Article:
Kevin Amouzou, Alumnus, BSc Business Information Technology
“There are lots of ways you can make yourself stand out from the crowd and make it easier to find a job”
Business analyst Kevin Amouzou (BSc Business Information Technology, 2017) recently returned to LSBU as an alumni volunteer to speak to our current computer science students about the challenges he faced and the barriers he overcame on the way to career success.
I really didn’t want to go to university. I’d spent two years at football college, then I got an offer to study sports science at the University of Bedfordshire. I knew I wanted to go into IT, not sports science, but I was determined to go down the apprenticeship route. Then my Dad woke me up one day by handing me the phone. He’d called LSBU via clearing. That was it, really. I decided I’d give it two weeks to see if I liked it. And three years later, there I was, graduating.
I gained a lot from my course – but I learned so much from working as well. By the end of the first year, I’d realised I really needed to find a job. I started out as a cleaner, but it was just too much. I’d start work at 5am, get changed at the supermarket, come into LSBU and fall asleep in my lectures! Then I got a stewarding job, working at events. I did that right into my third year. I have autism, and doing a job like that really helped me build up my communication skills and confidence.
Playing football really brought me out of my shell. I played for the LSBU team throughout my time at university. Some of those matches are still etched in my mind, especially losing to our main rivals, UFCB Wembley! I’d never found it easy to make friends when I was young, but football made me much more sociable, both on and off the pitch. Talking about tactics, trying to encourage everyone to play as a team, I really found my voice.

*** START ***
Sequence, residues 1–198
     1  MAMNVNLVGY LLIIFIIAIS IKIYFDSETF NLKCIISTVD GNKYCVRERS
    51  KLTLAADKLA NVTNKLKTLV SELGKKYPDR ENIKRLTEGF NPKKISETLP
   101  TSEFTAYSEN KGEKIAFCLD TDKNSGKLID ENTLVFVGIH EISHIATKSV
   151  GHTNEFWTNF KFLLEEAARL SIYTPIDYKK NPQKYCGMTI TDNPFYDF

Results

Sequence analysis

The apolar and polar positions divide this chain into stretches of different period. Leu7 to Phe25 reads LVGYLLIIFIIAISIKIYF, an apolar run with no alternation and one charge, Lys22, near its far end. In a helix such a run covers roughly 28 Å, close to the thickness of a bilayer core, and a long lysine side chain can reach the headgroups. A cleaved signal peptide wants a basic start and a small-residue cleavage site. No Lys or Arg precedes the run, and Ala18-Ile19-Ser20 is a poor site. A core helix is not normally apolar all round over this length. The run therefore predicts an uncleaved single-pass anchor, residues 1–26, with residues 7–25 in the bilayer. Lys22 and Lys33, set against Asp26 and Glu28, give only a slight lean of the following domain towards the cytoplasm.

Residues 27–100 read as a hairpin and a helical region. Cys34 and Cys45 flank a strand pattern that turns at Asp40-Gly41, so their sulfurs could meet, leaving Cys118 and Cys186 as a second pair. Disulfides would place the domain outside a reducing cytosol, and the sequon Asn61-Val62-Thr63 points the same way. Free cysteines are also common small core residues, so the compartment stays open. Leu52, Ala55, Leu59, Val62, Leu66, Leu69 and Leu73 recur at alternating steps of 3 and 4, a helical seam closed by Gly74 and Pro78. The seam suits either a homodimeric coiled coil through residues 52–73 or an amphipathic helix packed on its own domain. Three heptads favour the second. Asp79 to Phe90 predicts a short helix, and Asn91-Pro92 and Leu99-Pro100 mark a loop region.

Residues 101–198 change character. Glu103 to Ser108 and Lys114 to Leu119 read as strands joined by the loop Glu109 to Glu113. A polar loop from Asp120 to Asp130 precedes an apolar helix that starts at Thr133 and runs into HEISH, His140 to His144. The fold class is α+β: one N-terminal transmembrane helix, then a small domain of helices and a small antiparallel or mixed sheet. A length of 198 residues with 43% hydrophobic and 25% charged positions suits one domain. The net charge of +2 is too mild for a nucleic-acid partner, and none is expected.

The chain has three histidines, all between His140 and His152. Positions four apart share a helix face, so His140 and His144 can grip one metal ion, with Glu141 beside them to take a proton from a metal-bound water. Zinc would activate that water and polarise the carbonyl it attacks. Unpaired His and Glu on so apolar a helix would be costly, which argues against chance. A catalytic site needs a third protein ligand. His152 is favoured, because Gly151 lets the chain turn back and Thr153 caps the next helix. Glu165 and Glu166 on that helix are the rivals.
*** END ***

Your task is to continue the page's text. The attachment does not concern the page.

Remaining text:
Finding a job after graduation wasn’t easy. I came out with a 2:2 and that automatically rules out a lot of options. Eventually I got on to a graduate scheme with Capita, which was great. But when they didn’t give me a placement I found myself on the sidelines. That was when I came back to LSBU to do a three-month internship working on the University’s new website.
I definitely think the internship helped me secure a permanent role. It gave me experience, it gave me confidence, it sharpened me up in terms of my knowledge and just knowing what questions to ask. Capita actually ended up asking me to come back, as a junior business analyst. From there I went to Adecco and on to CACI Ltd, from where I’ll soon be moving to a more senior role at Netcompany. My job is all about engaging with clients to understand what they need and then coming up with a product or service or programme that makes life easier for them. I find it really rewarding.
I came back to the University to speak to students as an alumni volunteer because I didn’t want them to struggle like I did. There are lots of ways you can make yourself stand out from the crowd and make it easier to find a job. Get involved in extra-curricular activities, try to find internships and work experience. Make sure your LinkedIn profile is working hard for you. Don’t think it’s enough just to study for three years and come out with a degree – it isn’t. And if you need support, ask for it. I didn’t want anyone to look at me differently because of my autism, but looking back I can see that it might have been better for me to have spoken up.
Mentoring is something I really enjoy. I wrote a LinkedIn post saying I’d be happy to offer advice and guidance and I’ve had so many responses. I’m talking to people all over the world about what kind of roles are out there, how to apply, and how to improve their CVs and online profiles. It’s something I really enjoy, and that I’d like to develop more in the future, maybe even setting up a coaching and mentoring business.
In the end, I had to admit that my Dad was right about university. Fortunately he doesn’t mention it but I still like to remind him from time to time how grateful I am to him for making that decision. I was very stubborn back then and he was the one that gave me the push I needed.